Satoko Fujii — Sketches
(Natsat MTCJ-3013, 2004, CD)
Satoko Fujii Trio — Illusion Suite
(Libra 203-009, 2004, CD)
Natsuki Tamura Quartet — Exit
(Libra 104-010, 2004, CD)
Natsuki Tamura — Ko Ko Ko Ke
(Natsat MTCJ-3012, 2003, CD)
by Jon Davis, Published 2005-03-01
Japanese pianist Satoko Fujii is one busy lady – she appears on three of these four releases. Illusion Suite finds her in the standard piano trio setting, though the result is anything but standard. As is usual for Fujii, the arrangements range from very free to tightly composed. The titular suite consists of a series of set pieces (ranging from simple rhythmic motifs to riffs to longer melodies) separated by improvised sections of widely varying moods. Bassist Mark Dresser uses both bow and fingers on his instrument as the mood takes him; drummer Jim Black grooves, flails, and sparkles in turns, providing colorful percussive impact. The out-and-out bashing kind of free jazz is approached occasionally, always tempered by good judgment by all three, resulting in an exciting change from staid piano trio fare.
For Natsuki Tamura’s quartet, Fujii switches from piano to synthesizers, but rather than using the instrument in any conventional way, she produces weird swoops and bleeps, arrhythmic repeating patterns, and splats of noise. Tamura himself warps his trumpet through numerous electronic effects, from simple echoes to bizarre chorused, flanged blasts of sound. This combo rarely falls into any sort of groove, leaving drummer Ryojiro Furusawa free to roam anywhere his muse takes him; he has the good taste to leave lots of space for the others to fill. Guitarist Takayuki Kato ends up a little lost in the sound, though it’s quite possible some of the apparent synth sounds originate on guitar. This is a very adventurous release, one of the most interesting combinations of jazz and electronics I’ve heard.
Sketches finds Fujii by herself in a studio. The entire CD was apparently recorded in one single two-hour sitting, which perhaps explains how she can produce so many albums in a single year. Left to her own devices, she exhibits the same far-ranging style as in group settings. At times, you’d swear she’s playing a long-lost Debussy composition; at other times, it’s nimble kitten-on-the-keys playfulness; there are even moments where the blues creep in, bookending blue phrases with startling clusters of notes; and progressive fans will notice her take on the Keith Emerson piano cliché of a busy left-hand ostinato topped by rapid-fire runs and chords, only much less regimented than Emerson’s playing; she occasionally makes use of “extended” techniques, reaching inside the piano and making odd noises. In spite of my years of piano lessons, I don’t generally enjoy solo piano music, but this one keeps my attention from start to finish.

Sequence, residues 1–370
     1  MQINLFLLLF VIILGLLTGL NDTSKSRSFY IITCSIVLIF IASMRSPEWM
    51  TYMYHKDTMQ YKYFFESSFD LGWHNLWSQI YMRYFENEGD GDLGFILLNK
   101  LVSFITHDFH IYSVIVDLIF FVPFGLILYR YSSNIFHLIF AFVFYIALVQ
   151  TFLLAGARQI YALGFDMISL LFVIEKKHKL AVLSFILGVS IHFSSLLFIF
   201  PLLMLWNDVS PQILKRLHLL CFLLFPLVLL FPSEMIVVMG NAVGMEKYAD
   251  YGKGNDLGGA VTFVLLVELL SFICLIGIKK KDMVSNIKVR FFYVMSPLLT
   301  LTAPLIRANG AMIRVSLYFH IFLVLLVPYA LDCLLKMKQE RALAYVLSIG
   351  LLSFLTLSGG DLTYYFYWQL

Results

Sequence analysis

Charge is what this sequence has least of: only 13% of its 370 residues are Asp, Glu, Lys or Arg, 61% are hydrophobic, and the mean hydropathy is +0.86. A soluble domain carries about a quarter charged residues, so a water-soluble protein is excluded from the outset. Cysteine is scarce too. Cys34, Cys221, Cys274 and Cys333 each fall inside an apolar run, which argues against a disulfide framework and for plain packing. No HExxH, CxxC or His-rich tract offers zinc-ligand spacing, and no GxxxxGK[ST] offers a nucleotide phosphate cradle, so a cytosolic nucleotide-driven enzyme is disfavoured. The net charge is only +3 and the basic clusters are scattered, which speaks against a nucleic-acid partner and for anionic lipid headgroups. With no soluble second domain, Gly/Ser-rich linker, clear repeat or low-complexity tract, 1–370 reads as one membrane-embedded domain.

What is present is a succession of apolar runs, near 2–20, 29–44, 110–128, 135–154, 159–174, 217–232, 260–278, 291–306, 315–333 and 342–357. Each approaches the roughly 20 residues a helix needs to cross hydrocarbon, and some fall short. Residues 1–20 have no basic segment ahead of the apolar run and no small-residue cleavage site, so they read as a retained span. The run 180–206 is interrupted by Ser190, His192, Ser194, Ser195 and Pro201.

Tamura’s solo work is quite a different story. The liner notes compare it to “an artifact from another world” and I’d second that motion heartily. The sound sources consist of Tamura’s trumpet and voice. When he sings, it is in no known language – the syllables of the title are an example. A meditative mood pervades the whole thing, and the melodies tend toward minimal simplicity, like Buddhist chants from an alien planet. Great attention envelops every detail, from the breathing to the tone and vibrato. The music is never brash or challenging, maintaining the air of calmness and peace. It is, in the end, an interesting exercise that makes no concessions broad appeal – its audience must be out there (in more ways than one!), and I hope they find it.
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